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Nursing forum's four themes unveiled

The prime minister’s Nursing and Care Quality Forum will focus on four themes, including “values and culture”, it has emerged.

Deputy chief nursing officer for England David Foster outlined the four areas at a nursing workforce conference held last week in London. The themes are: “People first”, “values and culture”, “time to care” and “leadership”.

Mr Foster told delegates at the Reshaping the Nursing Workforce conference that the first two topics were also likely to be covered by recommendations from the final report of the Mid Staffordshire Foundation Trust public inquiry, which is expected at the end of May or early June.

He added: “It’s really important to recognise that places like [Mid Staffordshire] can be rehabilitated and improved over time, but it does require strong leadership from the top, at board level.”

Mr Foster also stressed the need for better leadership at ward sister level and said this needed to be prioritised by boards. But he rejected the argument that nurses were not caring for patients properly because they were too well educated.

Launching the forum last month, David Cameron said he wanted the NHS Institute’s productive ward initiative to be rolled out nationally, alongside a “red-tape challenge” to identify barriers to preventing nurses from doing their job properly and remove them.

In addition, hourly nursing rounds would be systematically implemented and the “NHS Safety Thermometer” tool would be introduced to track four key standards of safety and nursing quality – pressure ulcers, falls, blood clots and catheter-acquired urinary tract infections.

Meanwhile, the Department of Health confirmed it had delayed the first meeting of the forum, which was due to take place last Friday but was cancelled at late notice.

The DH said it was because the membership of the group had not been finalised – a reason for this has not been given. The DH now hopes to hold the first meeting in mid March.

Readers' comments (6)

  • What's new eh!

    Making sure that this happens is the key and I don't mean performance targets and tick boxes...... I mean:-
    1. Per reg nurse education that teaches values in the lecture and in the care environment. Education that produces SKILLED nurses who have had one year post qualifying to hone these newly acquired skills.
    2. Employers that understand How nursing makes a difference and values that registered nurse MUST provide evidenced based up to date safe practice at all times.
    3. Real nursing leadership that promotes the value of nursing and communicates this to the public.

    I could go on....

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  • "In addition, hourly nursing rounds would be systematically implemented and the “NHS Safety Thermometer” tool would be introduced to track four key standards of safety and nursing quality – pressure ulcers, falls, blood clots and catheter-acquired urinary tract infections."

    how about nutrition and hydration and temperature control?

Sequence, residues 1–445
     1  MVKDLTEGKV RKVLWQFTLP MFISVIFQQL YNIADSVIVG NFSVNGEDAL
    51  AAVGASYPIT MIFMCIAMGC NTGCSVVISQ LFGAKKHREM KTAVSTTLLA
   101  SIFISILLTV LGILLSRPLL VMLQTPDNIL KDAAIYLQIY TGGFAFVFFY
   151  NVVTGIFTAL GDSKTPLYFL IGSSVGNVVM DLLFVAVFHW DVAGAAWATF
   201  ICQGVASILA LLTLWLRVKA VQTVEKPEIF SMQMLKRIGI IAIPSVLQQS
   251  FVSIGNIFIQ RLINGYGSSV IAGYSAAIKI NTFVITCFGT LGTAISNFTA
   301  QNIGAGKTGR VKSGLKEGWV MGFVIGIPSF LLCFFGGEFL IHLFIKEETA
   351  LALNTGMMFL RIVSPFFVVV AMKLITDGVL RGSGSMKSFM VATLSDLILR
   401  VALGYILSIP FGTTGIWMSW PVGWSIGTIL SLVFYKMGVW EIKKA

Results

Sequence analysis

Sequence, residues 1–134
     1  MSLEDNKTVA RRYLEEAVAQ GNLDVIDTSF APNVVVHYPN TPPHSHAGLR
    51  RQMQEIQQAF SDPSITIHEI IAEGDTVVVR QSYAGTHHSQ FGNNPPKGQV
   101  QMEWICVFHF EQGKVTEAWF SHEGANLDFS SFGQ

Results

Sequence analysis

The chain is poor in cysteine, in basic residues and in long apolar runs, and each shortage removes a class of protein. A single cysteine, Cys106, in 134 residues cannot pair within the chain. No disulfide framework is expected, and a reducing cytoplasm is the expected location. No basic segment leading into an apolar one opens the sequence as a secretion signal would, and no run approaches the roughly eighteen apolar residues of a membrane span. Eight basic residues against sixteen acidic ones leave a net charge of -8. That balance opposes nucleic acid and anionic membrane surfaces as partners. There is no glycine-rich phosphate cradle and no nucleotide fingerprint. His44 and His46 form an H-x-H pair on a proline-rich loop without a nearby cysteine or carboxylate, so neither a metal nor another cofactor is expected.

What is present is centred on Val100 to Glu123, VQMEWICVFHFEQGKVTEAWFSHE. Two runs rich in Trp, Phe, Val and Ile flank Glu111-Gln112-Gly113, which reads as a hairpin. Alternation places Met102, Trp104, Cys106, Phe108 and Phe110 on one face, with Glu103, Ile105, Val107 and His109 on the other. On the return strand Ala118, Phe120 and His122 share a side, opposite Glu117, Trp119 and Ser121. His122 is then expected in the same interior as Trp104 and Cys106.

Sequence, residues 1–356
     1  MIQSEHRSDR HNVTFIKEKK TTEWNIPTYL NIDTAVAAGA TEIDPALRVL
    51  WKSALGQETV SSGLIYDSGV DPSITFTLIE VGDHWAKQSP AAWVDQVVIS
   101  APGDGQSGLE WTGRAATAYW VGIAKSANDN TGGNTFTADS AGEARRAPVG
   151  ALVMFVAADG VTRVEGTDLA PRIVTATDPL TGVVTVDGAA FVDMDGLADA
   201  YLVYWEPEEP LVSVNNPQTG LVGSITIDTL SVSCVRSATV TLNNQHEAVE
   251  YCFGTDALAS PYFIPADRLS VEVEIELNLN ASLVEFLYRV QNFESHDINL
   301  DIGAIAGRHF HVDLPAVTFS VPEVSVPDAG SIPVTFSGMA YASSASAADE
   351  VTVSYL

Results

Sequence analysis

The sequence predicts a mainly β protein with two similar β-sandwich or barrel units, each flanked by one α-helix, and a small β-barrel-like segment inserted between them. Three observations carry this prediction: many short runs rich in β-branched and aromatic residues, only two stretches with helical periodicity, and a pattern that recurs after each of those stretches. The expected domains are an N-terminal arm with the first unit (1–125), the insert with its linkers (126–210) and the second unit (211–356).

Leadership should read 'clinical nursing leadership'

    nursing had excellent leadership but it was stifled by general management and the government!

    "Deputy chief nursing officer for England David Foster outlined the four areas at a nursing workforce conference held last week in London. The themes are: “People first”, “values and culture”, “time to care” and “leadership”."

    these are all good areas to focus on but shouldn't nurses themselves be outlining the themes of importance which concern them and the patients in their care?

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  • “time to care”

    Erm - but almost everyone on NT, insists that not having enough time to care, is the largest part of the problem the NHS is suffering from !

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  • Identify barriers to prevent a nurse doing their job properly. Two spring to mind straight away.
    1. Not enough staff for patient dependancy
    2. Paperwork

    I would also like to add there needs to be more concern for the welfare of its nurses. It would be nice if there was someone to visit the wards ensuring the staff are fed and hydrated. Oh well dream on.

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  • Albert's Mum

    Anonymous | 28-Feb-2012 11:28 pm

    There have just been some pronouncements that allowing Ward Sisters more control over how thier wards function, with less control over that from higher up the management chain, is a necessary change.

    Which makes sense if the Ward Sisters are good - otherwise managers are likely to claim that they will get blamed for mistakes they have no control over.

    This is like an ongoing giant tug-of-war, between educating staff and just letting them get on with it using their own brains, and the imposition of restrictive procedures which often follows someone's cock-up or malpractice/incompetence.

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  • I thought this was what ward sisters were for. At least it was until General Management was introduced to the NHS.

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